"This morning I took out a comma.
This afternoon, I put it back in."
Comma's are kind of like table manners. I use them regularly and, I must confess, usually without too much thought. I guess I have some sort of innate faith in my ability to use them appropriately. And then an "expert" comes along and I think, wow, if I was put on the spot, I'm not sure I'd know every situation where that particular rule applies.
When I'm writing a blog or an email, I do toss commas around pretty recklessly. Kind of like dashes - love those...
But when I put on my editor hat, I get ruthless with commas. Whether my own writing or someone else's, if the comma isn't absolutely necessary, out it goes. Partly it's the markets I typically write in. In business or advertising or news-style writing, commas are fairly scarce. When spaces count as characters, those commas are a luxury. In more scholarly writings, the commas can be sprinkled throughout with a more generous hand. Of course, the sentences are usually longer so it could be argued that the commas take on more importance just to keep the right thoughts grouped together.
So when are they necessary? Well, it's often a matter for debate but here's a short list I like:
1. To separate the elements in a series
eg. Our traditional Christmas dinner includes turkey, ham, stuffing, and cranberry sauce.
Note: That last comma is sometimes called the Oxford comma and while appropriate is not necessary unless the last two items are likely to get muddled together without it. Personally, I kill it off every time I get the chance unless clarity really is an issue.
It was a hot, humid day on the bayou.
Note: A good rule of thumb to see whether the comma is necessary is to try replacing it with "and". It was a hot and humid day on the bayou is acceptable, but It's just a little and old bunny rabbit is not the way we would group those adjectives. We'd say (or we'd have our character say), "It's just a little ol' bunny rabbit."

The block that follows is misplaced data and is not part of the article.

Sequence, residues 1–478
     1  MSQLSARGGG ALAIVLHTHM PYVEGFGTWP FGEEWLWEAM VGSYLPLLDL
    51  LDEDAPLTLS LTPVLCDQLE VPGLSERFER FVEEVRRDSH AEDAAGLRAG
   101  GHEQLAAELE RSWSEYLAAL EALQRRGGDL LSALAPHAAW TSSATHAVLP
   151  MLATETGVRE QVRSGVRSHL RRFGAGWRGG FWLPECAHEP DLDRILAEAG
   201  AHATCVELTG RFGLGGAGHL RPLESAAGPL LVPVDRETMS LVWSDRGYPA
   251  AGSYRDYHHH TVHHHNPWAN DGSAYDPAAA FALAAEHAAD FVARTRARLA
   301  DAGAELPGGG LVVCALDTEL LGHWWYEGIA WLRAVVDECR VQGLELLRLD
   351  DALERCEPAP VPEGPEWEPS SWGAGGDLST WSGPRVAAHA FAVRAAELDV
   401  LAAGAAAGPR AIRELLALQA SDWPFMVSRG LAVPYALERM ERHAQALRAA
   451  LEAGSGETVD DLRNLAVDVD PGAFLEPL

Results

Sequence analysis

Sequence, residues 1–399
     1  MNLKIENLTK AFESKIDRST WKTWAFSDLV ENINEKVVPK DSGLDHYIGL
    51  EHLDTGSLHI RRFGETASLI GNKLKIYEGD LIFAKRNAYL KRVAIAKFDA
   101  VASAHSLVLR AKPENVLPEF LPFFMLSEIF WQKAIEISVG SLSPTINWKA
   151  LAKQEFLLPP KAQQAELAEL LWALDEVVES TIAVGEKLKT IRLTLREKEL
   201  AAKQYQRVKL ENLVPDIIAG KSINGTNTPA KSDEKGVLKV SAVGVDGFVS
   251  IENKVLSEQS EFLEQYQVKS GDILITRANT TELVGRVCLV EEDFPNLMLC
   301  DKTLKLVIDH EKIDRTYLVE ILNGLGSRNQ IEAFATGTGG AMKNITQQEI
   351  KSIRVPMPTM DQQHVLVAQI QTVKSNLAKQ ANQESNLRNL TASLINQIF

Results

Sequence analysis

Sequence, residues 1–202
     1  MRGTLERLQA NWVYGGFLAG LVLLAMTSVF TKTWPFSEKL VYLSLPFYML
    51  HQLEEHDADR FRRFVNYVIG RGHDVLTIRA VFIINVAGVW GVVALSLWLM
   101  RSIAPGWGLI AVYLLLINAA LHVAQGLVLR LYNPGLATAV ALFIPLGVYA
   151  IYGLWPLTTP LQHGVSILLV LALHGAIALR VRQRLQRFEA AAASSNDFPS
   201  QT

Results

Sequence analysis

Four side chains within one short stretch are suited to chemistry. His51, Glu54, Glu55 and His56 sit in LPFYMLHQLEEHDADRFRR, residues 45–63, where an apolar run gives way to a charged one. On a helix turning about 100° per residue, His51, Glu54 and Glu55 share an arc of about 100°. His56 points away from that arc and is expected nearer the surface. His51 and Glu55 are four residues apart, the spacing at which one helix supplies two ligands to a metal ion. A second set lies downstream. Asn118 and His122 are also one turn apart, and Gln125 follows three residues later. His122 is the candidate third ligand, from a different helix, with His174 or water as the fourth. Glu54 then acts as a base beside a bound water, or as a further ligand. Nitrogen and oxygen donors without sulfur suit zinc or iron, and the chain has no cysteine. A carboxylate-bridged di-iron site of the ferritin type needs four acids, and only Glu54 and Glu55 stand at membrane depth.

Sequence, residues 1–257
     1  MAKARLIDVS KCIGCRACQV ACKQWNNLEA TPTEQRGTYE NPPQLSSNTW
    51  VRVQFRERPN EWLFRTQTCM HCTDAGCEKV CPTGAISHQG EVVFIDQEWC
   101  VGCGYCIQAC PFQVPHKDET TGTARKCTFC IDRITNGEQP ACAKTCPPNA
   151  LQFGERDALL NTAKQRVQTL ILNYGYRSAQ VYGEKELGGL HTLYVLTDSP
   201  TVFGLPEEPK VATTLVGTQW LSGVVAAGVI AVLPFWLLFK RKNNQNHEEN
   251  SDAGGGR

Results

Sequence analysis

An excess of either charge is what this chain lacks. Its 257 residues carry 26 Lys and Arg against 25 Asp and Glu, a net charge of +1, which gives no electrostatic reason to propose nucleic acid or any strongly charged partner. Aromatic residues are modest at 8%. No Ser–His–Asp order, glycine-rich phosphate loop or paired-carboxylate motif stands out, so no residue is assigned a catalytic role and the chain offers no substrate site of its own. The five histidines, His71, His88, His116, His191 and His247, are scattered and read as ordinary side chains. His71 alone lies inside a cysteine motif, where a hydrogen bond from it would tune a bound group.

2. To set apart parenthetical phrases or clauses (phrases that can be dropped from the sentence without it losing sense but that still expand or clarify part of the sentence)
eg. The twins, Ian and Igor, had a habit of breaking their grandmother's knickknacks.
3. After introductory phrases
eg. Leaving the boat on shore, Ellen trudged up the beach towards the dunes.
Note: The advisability of overusing this type of sentence in writing is an entirely separate issue...
4. To set a direct quote apart from the text
eg. "It's too bad we have to have winter," said Sandy.
Of course, if the quote is not a complete sentence, but just a phrase or snippet, there is no comma before the quote although the attribute (identifying the person who gave the quote) is often treated as a parenthetical phrase (see #2).
eg, The use of slug bait, says master gardener Eli Spade, is one of "debatable virtue."
5. In dates, titles or other typographical conventions
eg. June 14, 1992, set records for its unseasonable rainfall.
Randolph James, Jr, led the parade as grand marshal.
Walter Spivins, MD, led the research team at Ample Health Institute in Flatlands, GA.
6. To avoid confusion
Sometimes you just have to add it in to make sure the reader keeps the right thoughts connected or has a chance to take a breath. But remember that it's often better for clarity to just break these types of sentences into two or three shorter ones.
There are many, many other places where commas are used - sometimes appropriately and sometimes not. It may be a question of style or taste rather than grammatical accuracy. Just remember that those commas can be to your writing what salt is to your cooking - a little enhances, a lot is unpalatable.
Want to see how your commas measure up? Here's a Comma Quiz that compares your commas to the "experts". And they give reasons for their choices, which can be just as helpful as knowing the "rules".
Maybe I should blog about "quotes" next...